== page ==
Tuesday, June 27, 2017
From this book, I hoped to get some insight into the story of how Atari happened, and how it defined videogames. And... I got half of that. This book is very light on business and software development history, instead focusing on the impact of games on popular culture. Specifically, it focuses on 1972-1983, a relatively narrow and interesting focus. I can't say I learned a lot of facts from this book, but I definitely took away some interesting perspectives. Basically, here are my big three takeaways from this book.
1) Space Invaders. I always understood that Space Invaders was very popular, I remember, I was there when it happened. But what had not sunk in with me is exactly what a tipping point this one game was. As Newman tells it, before Space Invaders, video machines were viewed as lesser novelties by arcade owners. I remember these machines well - various car race games, games like Sea Wolf, etc. Apparently, they broke a lot, and didn't pull in the big money that pinball tended to. Space Invaders changed everything. Suddenly, a video machine was pulling in WAY more money than pinball machines. The dozens of successful arcade games that rapidly followed were all drafting off of the success of Space Invaders. It is yet another case of a single hit giving legitimacy to an entire industry. In many ways I feel that at this moment, VR is in the "Sea Wolf" stage. We have some good games, but we haven't yet had a breakout hit. But it will come, and when it does, it will change everything.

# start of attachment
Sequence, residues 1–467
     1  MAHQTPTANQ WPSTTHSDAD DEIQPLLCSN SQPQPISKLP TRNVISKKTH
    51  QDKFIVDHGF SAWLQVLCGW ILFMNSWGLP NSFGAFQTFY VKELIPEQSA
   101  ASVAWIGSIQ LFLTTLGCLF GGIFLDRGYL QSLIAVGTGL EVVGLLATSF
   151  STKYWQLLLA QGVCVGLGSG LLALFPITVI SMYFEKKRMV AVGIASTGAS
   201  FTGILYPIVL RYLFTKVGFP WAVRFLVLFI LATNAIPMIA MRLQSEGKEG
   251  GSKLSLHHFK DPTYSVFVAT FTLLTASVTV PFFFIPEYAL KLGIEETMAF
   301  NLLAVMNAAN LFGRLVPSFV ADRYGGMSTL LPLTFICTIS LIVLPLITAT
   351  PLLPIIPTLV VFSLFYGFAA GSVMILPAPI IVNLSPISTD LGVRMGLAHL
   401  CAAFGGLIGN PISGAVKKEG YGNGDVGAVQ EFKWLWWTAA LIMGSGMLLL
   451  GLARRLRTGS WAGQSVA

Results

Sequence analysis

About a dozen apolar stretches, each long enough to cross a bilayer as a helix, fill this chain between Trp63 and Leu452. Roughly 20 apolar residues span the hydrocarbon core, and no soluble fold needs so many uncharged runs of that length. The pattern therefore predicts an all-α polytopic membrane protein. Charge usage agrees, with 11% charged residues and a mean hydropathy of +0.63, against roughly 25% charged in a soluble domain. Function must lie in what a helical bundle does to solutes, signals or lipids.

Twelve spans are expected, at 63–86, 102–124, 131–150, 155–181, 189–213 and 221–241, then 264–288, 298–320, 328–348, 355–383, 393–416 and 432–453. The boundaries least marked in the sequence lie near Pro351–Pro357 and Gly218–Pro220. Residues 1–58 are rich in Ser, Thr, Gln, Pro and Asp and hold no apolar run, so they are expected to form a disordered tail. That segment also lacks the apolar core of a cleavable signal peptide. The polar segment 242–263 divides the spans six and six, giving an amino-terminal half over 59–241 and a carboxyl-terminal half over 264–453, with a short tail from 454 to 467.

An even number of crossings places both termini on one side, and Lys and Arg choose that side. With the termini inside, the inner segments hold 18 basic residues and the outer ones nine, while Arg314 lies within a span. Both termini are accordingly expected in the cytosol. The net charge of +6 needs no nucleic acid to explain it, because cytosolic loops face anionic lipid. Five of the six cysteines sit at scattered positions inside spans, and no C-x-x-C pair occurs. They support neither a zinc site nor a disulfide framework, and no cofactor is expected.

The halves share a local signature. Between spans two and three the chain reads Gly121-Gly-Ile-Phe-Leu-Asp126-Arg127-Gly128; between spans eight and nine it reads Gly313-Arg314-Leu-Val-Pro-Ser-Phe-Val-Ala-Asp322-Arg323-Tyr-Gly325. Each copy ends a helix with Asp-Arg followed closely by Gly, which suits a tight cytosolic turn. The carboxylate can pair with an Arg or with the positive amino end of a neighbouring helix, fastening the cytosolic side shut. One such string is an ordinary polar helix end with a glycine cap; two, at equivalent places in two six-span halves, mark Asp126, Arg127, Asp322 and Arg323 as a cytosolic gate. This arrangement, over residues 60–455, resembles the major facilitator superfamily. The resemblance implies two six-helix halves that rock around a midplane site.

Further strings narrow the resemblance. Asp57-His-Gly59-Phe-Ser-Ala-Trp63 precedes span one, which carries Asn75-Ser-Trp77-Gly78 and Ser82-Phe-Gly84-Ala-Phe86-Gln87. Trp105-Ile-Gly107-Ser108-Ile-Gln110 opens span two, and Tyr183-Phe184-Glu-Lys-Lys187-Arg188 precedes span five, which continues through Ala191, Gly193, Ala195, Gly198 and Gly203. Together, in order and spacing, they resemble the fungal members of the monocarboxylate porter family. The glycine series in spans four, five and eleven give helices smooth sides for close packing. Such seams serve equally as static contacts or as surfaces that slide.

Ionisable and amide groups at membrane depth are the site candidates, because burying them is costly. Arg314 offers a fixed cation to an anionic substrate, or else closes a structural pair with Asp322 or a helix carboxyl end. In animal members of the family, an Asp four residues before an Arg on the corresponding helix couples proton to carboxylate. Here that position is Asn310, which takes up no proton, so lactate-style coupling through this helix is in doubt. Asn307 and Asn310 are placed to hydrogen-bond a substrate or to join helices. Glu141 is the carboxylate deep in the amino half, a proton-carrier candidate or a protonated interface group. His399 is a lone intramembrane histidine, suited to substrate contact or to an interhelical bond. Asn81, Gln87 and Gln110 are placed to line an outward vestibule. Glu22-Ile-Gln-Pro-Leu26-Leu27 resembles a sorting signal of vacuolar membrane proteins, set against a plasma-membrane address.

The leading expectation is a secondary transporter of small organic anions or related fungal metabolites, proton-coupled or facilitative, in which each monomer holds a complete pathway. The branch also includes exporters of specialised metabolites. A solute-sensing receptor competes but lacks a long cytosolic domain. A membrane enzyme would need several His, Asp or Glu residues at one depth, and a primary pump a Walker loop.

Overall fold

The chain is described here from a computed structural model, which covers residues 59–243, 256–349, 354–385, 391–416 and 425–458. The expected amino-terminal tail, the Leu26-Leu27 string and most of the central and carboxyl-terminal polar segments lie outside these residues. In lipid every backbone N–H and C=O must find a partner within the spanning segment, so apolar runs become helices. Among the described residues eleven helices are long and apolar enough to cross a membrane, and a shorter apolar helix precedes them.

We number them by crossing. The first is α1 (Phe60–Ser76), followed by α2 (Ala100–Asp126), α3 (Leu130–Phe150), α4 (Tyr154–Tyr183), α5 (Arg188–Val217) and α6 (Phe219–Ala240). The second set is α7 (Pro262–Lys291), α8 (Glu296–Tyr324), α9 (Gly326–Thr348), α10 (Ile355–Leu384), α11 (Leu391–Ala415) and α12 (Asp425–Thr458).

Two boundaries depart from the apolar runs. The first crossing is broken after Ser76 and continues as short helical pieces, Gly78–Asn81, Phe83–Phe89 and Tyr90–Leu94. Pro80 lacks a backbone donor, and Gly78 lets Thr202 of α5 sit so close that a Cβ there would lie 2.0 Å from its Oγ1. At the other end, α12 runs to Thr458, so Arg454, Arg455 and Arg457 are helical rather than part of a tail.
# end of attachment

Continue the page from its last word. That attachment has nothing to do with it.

2) Pac-Man. Until I'd read Atari Age, I did not fully comprehend that Pac-Man was expressly created to reach a female audience, and the fact that it succeeded at doing so was central to its success. I remember when Pac-Man appeared, and it was like a new level of arcade machine, like going from the PC to the Mac in 1984. I remember saving up three dollars worth of quarters, riding my bike all the way out to Pavolo's Pizza one day, and carefully playing each game, studying and trying to master it. I was stunned and amazed when I finally saw the first cut scene -- no videogame before had contained that level of whimsical storytelling. We all wondered what other secrets this complex game might contain. I remember my babysitter was so proud to introduce me to her girlfriend who was good enough to get up the key screen. So, Pac-Man was notable in that it may have been the first game that intentionally sought a female audience, and actually succeeded in doing so.
3) Selling the Future. Atari Age spends a LOT of time analyzing advertisements for early computers. At first this seemed kind of ludicrous to me... the ads are cute, but why are they relevant? But soon it started to dawn on me -- what is really being analyzed here is what the psychology of the home computer really was. What was being sold was, yes, a business machine, and yes, a game machine, but something else, too: a gateway to intellectual mastery of the future. The possibility of becoming a "computer whiz" was central to these advertisements, and all that entailed. I remember these ads because they had me enraptured. I wanted to be that computer whiz, to own the future that way, so very badly. Looking back, a lot of it was false promises. But then, really, a lot of it wasn't. Sure, one was unlikely to get a job programming the VIC-20 or the Atari 800, but these things were a doorway to programming. And I, for one, stepped through that doorway, and it changed my life. Honestly, I don't think any product is sold under this premise any more... it is a difference in generations. There is no product today that promises that you will become a genius and master the future if learn to use it. What would that product even look like today?
So, anyway, I got some good things out of Atari Age, just not what I expected. Now if you'll excuse me, I've got some Yars' Revenge to play.